CcdA/CcdB Type II Toxin-antitoxin system

CcdB Toxin of Type II Toxin-antitoxin system
PDB 2vub EBI.jpg
CcdB, a topoisomerase toxin from E. coli
Identifiers
SymbolCcdB
PfamPF01845
InterProIPR002712
SCOP24vub / SCOPe / SUPFAM
Available protein structures:
Pfam  structures / ECOD  
PDBRCSB PDB; PDBe; PDBj
PDBsumstructure summary
CcdA Antitoxin of Type II Toxin-antitoxin system
Identifiers
SymbolCcdA
PfamPF07362
Pfam clanCL0057
InterProIPR009956
Available protein structures:
Pfam  structures / ECOD  
PDBRCSB PDB; PDBe; PDBj
PDBsumstructure summary

The CcdA/CcdB Type II Toxin-antitoxin system is one example of the bacterial toxin-antitoxin (TA) systems that encode two proteins, one a potent inhibitor of cell proliferation (toxin) and the other its specific antidote (antitoxin). These systems preferentially guarantee growth of plasmid-carrying daughter cells in a bacterial population by killing newborn bacteria that have not inherited a plasmid copy at cell division (post-segregational killing).

The ccd system (control of cell death) of the F plasmid encodes two proteins, the CcdB protein (101 amino acids; toxin) and the CcdA antidote (72 amino acids). The antidote prevents CcdB toxicity by forming a tight CcdA–CcdB complex.

Mechanism of action

The target of CcdB is the GyrA subunit of DNA gyrase, an essential type II topoisomerase in Escherichia coli. Gyrase alters DNA topology by effecting a transient double-strand break in the DNA backbone, passing the double helix through the gate and resealing the gaps. The CcdB poison acts by trapping DNA gyrase in a cleaved complex with the gyrase A subunit covalently closed to the cleaved DNA, causing DNA breakage and cell death in a way closely related to quinolones antibiotics.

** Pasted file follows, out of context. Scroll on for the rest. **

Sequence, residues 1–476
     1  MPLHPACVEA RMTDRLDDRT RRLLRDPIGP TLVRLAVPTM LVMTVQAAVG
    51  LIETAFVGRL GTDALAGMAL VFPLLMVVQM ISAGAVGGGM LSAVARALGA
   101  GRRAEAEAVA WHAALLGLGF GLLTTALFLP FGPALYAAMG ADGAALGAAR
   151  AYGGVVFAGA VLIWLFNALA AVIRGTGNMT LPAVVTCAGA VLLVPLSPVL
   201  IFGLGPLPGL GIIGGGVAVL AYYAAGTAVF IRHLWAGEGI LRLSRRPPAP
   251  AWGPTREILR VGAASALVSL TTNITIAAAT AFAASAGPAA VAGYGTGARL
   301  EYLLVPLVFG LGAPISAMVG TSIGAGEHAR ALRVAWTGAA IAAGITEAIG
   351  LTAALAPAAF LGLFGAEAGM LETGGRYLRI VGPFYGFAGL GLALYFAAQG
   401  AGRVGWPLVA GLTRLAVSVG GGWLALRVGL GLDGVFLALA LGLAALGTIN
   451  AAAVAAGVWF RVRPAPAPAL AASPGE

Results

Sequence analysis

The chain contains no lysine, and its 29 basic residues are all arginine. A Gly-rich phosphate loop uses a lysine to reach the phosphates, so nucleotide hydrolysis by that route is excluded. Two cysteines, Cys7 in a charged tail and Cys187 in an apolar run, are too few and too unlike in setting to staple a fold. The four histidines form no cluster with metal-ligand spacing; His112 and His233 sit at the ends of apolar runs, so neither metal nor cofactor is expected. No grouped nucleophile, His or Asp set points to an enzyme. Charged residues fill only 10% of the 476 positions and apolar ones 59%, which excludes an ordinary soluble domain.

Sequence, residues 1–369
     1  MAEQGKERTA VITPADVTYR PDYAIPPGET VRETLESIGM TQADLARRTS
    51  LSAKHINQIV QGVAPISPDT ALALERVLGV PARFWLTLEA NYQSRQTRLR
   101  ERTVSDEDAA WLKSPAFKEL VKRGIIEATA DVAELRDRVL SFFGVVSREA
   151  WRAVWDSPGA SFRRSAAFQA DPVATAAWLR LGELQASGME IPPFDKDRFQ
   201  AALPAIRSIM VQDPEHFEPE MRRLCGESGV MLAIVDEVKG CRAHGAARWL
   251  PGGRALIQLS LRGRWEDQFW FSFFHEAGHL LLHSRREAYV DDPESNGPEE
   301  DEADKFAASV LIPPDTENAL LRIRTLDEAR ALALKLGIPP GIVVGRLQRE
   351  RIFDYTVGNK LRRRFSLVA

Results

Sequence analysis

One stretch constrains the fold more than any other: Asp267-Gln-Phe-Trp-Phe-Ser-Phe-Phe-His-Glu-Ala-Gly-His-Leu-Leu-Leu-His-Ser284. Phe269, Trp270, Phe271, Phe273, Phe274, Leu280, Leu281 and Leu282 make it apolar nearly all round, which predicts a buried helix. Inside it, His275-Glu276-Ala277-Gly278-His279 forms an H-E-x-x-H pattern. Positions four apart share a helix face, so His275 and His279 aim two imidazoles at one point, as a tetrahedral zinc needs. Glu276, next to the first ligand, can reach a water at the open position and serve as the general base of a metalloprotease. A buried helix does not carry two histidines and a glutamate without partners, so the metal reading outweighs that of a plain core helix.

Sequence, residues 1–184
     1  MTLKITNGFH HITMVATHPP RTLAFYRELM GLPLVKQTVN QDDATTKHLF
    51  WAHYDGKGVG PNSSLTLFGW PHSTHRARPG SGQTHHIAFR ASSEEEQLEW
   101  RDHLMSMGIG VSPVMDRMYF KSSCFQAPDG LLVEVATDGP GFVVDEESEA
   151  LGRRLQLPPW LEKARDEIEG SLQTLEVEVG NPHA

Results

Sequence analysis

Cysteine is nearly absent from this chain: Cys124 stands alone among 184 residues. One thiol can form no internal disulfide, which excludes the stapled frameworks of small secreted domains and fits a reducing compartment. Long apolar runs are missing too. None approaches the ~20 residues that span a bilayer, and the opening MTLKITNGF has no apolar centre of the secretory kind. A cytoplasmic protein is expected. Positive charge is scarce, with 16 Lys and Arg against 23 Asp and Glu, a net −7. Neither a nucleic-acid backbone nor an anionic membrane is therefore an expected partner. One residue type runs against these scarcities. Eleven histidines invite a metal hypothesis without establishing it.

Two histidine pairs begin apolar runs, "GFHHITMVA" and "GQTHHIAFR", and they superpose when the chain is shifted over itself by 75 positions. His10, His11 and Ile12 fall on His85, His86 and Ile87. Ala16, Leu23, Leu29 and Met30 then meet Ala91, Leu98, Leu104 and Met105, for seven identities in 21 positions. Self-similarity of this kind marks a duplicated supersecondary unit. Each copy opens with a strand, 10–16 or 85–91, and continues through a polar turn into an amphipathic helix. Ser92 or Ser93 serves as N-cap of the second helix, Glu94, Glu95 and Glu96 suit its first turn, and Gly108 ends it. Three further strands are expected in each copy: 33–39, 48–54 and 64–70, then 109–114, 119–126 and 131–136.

In absence of the antitoxin, the CcdB poison traps DNA-gyrase cleavable complexes, inducing breaks into DNA and cell death.

Regulation of the ccd operon by the CCdA/CCdB complex is dependent upon the ratio of the two molecules to each other in the complex: a (CcdA)2–(CcdB)2 complex binds the DNA of the operon thus repressing transcription, but when CcdB is in excess of CcdA de-repression occurs, whereas repression will occur when CcdA levels are greater than or equal to that of CcdB. As a model system, by ensuring an antidote–toxin ratio greater than one, this mechanism might prevent the harmful effect of CcdB in plasmid-containing bacteria.

Comparison with parD

The Ccd and parD systems are found to be strikingly similar in terms of their structures and actions. The antitoxin protein of each system interacts with its cognate toxin to neutralise the activity of the toxin and in the process the complex of the two becomes an efficient transcription repressor.

Use and availability

In recombinant DNA technology, the ccdB gene is widely used as a positive selection marker (e.g. the Invitrogen's Zero Background and Gateway cloning vectors). In August 2016, the CcdB positive selection technology falls completely within the public domain and is now fully free for personal or commercial use. Ccd operon was also used to stabilize plasmid for industrial use in the Staby(r) technology developed and commercialized by Delphi Genetics. In this technology, conventional antibiotic resistance gene is replaced by ccdA in the plasmid while ccdB gene is introduced into the chromosome of the bacteria. This technology allows to remove antibiotic resistance gene but is also able to reach higher yields in recombinant protein production and plasmid DNA. Some applications of this technology are patented and could need a license for commercial exploitation.


This page was last updated at 2023-02-18 14:55 UTC. Update now. View original page.

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